Yukon’s Bill 1: The weird parliamentary artifact that’s key to everything the Legislative Assembly does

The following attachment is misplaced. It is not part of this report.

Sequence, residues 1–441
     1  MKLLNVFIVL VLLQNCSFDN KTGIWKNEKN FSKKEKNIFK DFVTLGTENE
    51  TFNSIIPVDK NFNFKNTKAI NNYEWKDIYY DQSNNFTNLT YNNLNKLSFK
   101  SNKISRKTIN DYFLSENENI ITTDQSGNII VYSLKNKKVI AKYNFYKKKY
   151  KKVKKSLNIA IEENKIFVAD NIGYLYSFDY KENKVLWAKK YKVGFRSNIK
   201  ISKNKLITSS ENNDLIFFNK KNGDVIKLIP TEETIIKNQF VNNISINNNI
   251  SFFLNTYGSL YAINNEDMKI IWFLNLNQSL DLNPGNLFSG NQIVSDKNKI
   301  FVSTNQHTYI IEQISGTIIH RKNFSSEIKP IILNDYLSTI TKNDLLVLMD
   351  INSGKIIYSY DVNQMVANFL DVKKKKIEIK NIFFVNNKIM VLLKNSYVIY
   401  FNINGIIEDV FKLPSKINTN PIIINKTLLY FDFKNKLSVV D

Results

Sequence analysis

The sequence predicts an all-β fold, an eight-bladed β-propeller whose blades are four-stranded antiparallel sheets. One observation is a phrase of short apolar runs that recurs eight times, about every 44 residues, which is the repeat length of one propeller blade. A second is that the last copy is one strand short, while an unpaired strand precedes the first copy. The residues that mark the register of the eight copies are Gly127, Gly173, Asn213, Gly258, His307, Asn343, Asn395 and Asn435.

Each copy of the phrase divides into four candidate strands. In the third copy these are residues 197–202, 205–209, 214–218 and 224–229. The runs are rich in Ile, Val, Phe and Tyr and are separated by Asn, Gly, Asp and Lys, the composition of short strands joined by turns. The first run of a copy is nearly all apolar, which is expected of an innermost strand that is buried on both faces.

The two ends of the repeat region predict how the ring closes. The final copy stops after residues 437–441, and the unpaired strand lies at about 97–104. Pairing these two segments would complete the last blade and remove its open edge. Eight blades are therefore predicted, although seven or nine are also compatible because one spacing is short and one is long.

Buried deep within the Yukon Legislative Assembly’s agenda is a bill a with a highfalutin title: Bill 1: Act to Perpetuate A Certain Ancient Right.While Yukon MLAs passed 11 bills into law during their just-wrapped fall session, Bill 1 just sits there on the order paper. It’s never debated and, in all likelihood, it will never come up for a vote.So what is Bill 1? And what the heck is a certain ancient right?The principle of the bill dates back to the earliest days of the Westminster parliamentary system, the basis for Canadian legislatures.”All it basically does is create a space between state and Crown where state can actually criticize the Crown without having someone come in and lop your head off,” says Ted Adel, the Liberal MLA for Copperbelt North and the sponsor of this edition of Bill 1.”Basically, what people have to realize is these older traditions sometimes get lost, sometimes can change,” Adel says. “What that means in a nutshell is we have a throne speech [but] we don’t necessarily have to go with everything that’s in the throne speech. There is the space in there to change or just dissent.”Queen unavailable for commentThat’s why Adel, who is a backbencher, is the sponsor. The reasons for this gets a little complicated, but in short, Bill 1 can’t come from a cabinet minister. It has to be separate from the government.The thing to remember is that while the throne speech is written by the government of the day, it’s delivered by the Crown’s representative. In Yukon’s case, that’s Commissioner Angélique Bernard.But do we really need to worry about Queen Elizabeth interfering with Yukon politics? Her Majesty was not available for comment, but Dan Cable, clerk of Yukon’s legislature, said it’s unlikely.”She probably ponders Yukon on very rare occasions,” he said. “And when she does, she just thinks glowingly of all of us.”Cable says similar pro-forma bills can be found in most Canadian legislatures (Alberta and Quebec are exceptions). While assemblies will recognize the Queen as head of state, these types of bills also serve as a warning to the Crown not to meddle in legislative affairs. “By just saying it in this little act, which is the act to perpetuate a certain ancient right, that’s as far as you usually need to go,” Cable says. “And that’s been the way it has been for 400 years. So presumably it’s worked.”Bill probably wouldn’t actually do anythingStill, it’s not really a scary threat. Cable says even if MLAs were to pass Bill 1 into law, it wouldn’t really change anything.”Do we really need these things? Probably not,” he says. “But parliaments are all about traditions. And certainly the traditions are rooted in conflicts of the past. And one of the conflicts of the past, of course, was between parliamentary powers versus sovereign powers.” Adel says he enjoys being the steward of such an obscure parliamentary tradition. “To me, it’s part of the cornerstones of the fabric of our society, right?” he says. “And so for me to do it, I consider it an honour. Backbenchers, we do a lot of work behind the scenes, but it’s kind of nice every once in a while to stand up in the legislature and be able to do something that’s so steeped in tradition.”So to sum up: that long-ago tension between the Crown and elected officials creates the space where democratic politics can happen. That’s the ideal. Other institutions—political parties, cabinet, the civil service and many others—also have a hand in how well or poorly Canadian democracy functions. And like all institutions inhabited by human beings, they don’t always live up to the ideals they set for themselves.But as arcane and flawed and imperfect as our system may be, the idea behind Bill 1 is to give the people the right to be more than just royal subjects, it gives people the right to govern themselves.